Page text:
Home Christmas Under Attack Judge Denies Bid to Save Nativity

Judge Denies Bid to Save Nativity

A federal judge on Monday denied a Christian group’s bid for a preliminary injunction to force Santa Monica to allow the display of a Nativity Scene — leading critics to fear the ruling could jeopardize religious liberty.

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U.S. District Court Judge Audrey Collins formalized an earlier tentative ruling during a hearing.

William Becker, the attorney for the Christian group, told Fox News that it was an “extraordinary ruling.”

“The next step will be for them to stop any religious speech at all in a public park — whether it’s singing hymns or merely handing out leaflets or merely discussing religion,” he said. “One day it will all be banned.”

Santa Monica Nativity

Christmastime Nativity scenes had been erected in Palisades Park for decades. Last year, atheists overwhelmed the city’s auction process for display sites, winning 18 of 21 slots and triggering a bitter dispute. The city then banned private, unattended displays at the park.

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Santa Monica officials snuffed the city’s holiday tradition this year rather than referee the religious rumble, prompting churches that have set up a 14-scene Christian diorama to sue over freedom of speech claims.

“It’s a sad, sad commentary on the attitudes of the day that a nearly 60-year-old Christmas tradition is now having to hunt for a home, something like our savior had to hunt for a place to be born because the world was not interested,” Hunter Jameson, head of the nonprofit Santa Monica Nativity Scene Committee, said in advance of the hearing.

The atheists were not parties to the legal case. Their role outside court highlights a tactical shift as atheists evolve into a vocal minority eager to get their non-beliefs into the public square as never before.

National atheist groups earlier this year took out full-page newspaper ads and hundreds of TV spots in response to Catholic bishops’ activism around women’s health care issues and are gearing up to battle for their own space alongside public Christmas displays in small towns across America this season.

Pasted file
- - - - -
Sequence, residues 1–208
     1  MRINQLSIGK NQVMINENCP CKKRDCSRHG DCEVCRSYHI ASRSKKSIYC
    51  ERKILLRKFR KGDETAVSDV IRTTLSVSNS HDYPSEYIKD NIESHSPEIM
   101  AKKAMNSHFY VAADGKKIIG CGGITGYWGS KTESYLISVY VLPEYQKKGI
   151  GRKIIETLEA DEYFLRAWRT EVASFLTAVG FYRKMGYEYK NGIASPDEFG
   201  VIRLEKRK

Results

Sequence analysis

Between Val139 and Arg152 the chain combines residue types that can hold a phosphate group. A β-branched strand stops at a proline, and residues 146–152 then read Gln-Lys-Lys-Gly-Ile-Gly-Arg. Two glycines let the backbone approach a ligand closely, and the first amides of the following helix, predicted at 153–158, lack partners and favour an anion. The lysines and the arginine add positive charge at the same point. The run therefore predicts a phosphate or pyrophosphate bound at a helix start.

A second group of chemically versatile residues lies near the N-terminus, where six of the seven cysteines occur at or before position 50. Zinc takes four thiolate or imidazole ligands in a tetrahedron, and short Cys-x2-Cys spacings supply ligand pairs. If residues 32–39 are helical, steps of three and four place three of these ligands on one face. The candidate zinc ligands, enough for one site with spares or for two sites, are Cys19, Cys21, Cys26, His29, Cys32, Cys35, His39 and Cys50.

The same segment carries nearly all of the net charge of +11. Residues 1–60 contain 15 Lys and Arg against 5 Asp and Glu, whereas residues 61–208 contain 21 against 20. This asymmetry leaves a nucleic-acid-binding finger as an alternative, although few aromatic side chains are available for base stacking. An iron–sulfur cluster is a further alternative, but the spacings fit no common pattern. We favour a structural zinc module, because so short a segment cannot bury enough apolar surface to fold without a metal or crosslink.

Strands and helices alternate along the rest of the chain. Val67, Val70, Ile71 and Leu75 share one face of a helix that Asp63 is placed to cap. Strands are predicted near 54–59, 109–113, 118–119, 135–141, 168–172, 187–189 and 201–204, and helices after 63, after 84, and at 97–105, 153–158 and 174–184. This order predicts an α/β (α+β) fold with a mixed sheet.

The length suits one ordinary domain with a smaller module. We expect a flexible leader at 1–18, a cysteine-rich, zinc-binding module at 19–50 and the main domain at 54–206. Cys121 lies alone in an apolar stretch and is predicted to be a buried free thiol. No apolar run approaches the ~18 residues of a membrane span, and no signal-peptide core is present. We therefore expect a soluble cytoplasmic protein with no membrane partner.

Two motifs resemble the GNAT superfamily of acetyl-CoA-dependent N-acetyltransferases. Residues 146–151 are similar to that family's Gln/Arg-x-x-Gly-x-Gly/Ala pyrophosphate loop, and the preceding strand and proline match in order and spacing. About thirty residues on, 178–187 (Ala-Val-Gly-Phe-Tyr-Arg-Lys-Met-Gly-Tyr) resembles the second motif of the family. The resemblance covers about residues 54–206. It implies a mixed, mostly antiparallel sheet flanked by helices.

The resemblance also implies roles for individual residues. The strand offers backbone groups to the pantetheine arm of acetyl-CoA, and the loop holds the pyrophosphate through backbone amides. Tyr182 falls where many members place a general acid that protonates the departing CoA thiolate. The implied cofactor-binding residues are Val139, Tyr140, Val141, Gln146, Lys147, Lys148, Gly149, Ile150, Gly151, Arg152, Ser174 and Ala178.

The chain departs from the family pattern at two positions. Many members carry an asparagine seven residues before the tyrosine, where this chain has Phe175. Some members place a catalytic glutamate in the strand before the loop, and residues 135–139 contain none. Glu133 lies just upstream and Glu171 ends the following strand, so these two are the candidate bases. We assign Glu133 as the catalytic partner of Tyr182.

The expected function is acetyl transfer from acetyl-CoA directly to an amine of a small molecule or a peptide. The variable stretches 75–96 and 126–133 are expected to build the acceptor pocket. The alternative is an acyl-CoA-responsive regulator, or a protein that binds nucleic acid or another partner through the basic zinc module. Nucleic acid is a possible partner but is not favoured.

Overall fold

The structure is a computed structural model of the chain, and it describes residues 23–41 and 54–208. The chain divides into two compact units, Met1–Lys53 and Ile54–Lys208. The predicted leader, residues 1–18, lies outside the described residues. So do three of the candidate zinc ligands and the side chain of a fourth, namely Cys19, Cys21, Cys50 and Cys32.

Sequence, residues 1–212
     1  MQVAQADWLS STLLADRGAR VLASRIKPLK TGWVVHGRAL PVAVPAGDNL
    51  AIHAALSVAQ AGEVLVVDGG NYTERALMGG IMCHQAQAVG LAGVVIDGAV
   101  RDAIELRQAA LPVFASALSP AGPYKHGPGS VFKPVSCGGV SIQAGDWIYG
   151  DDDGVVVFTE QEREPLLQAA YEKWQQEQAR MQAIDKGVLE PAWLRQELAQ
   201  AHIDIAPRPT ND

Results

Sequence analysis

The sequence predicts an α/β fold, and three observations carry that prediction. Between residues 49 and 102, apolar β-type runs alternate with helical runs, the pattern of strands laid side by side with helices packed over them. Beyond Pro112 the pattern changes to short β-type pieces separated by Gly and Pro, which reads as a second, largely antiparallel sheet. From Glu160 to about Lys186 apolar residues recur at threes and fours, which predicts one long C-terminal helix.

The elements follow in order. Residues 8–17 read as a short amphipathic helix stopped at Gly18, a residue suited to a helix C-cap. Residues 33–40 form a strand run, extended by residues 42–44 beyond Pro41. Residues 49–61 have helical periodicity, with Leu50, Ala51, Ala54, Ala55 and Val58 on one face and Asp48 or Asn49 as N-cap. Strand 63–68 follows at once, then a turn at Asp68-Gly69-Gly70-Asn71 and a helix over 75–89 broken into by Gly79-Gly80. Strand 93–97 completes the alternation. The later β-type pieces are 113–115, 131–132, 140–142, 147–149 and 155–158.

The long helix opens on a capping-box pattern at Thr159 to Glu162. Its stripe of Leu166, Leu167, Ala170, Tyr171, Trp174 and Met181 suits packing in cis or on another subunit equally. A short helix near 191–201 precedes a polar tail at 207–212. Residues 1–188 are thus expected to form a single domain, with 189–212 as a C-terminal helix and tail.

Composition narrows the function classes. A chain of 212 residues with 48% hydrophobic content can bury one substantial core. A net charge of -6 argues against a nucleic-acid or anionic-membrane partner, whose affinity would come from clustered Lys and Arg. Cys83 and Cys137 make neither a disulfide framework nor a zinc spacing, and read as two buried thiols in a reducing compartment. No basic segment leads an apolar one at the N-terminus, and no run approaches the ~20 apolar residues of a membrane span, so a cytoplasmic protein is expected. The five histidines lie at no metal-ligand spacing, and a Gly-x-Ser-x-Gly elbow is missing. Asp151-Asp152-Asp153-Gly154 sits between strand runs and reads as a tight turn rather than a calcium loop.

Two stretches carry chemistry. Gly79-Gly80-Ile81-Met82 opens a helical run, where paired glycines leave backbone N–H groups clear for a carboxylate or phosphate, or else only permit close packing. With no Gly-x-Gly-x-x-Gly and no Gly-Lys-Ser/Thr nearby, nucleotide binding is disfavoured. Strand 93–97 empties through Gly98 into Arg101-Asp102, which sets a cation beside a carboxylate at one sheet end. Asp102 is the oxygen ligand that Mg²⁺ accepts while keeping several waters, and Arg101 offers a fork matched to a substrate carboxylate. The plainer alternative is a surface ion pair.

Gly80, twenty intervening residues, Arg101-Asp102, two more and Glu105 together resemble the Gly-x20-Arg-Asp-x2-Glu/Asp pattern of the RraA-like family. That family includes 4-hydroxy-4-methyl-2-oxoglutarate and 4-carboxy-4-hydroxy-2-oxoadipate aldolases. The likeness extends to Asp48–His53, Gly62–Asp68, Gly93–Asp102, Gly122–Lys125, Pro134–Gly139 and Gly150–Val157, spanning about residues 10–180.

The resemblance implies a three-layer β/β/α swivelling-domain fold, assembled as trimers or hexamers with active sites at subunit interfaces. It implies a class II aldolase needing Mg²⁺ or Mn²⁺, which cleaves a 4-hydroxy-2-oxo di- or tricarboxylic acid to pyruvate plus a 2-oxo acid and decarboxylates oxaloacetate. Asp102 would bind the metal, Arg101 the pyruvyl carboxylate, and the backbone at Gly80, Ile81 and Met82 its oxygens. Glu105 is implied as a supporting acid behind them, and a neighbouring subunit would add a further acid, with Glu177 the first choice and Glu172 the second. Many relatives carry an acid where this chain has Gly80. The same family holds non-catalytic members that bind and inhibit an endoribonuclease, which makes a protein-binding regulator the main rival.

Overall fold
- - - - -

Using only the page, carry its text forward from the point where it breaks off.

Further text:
“In recent years, the tactic of many in the atheist community has been, if you can’t beat them, join them,” said Charles Haynes, a senior scholar at the First Amendment Center and director of the Newseum’s Religious Freedom Education Project in Washington. “If these church groups insist that these public spaces are going to be dominated by a Christian message, we’ll just get in the game — and that changes everything.”

In the past, atheists primarily fought to uphold the separation of church and state through the courts. The change underscores the conviction held by many nonbelievers that their views are gaining a foothold, especially among young adults.

The Pew Forum on Religion & Public Life released a study last month that found 20 percent of Americans say they have no religious affiliation, an increase from 15 percent in the past five years. Atheists took heart from the report, although Pew researchers stressed that the category also encompassed majorities of people who said they believed in God but had no ties with organized religion and people who consider themselves “spiritual” but not “religious.”

“We’re at the bottom of the totem pole socially, but we have muscle and we’re flexing it,” said Annie Laurie Gaylor, co-president of the Wisconsin-based Freedom from Religion Foundation. “Ignore our numbers at your peril.”

With reporting from Associated Press

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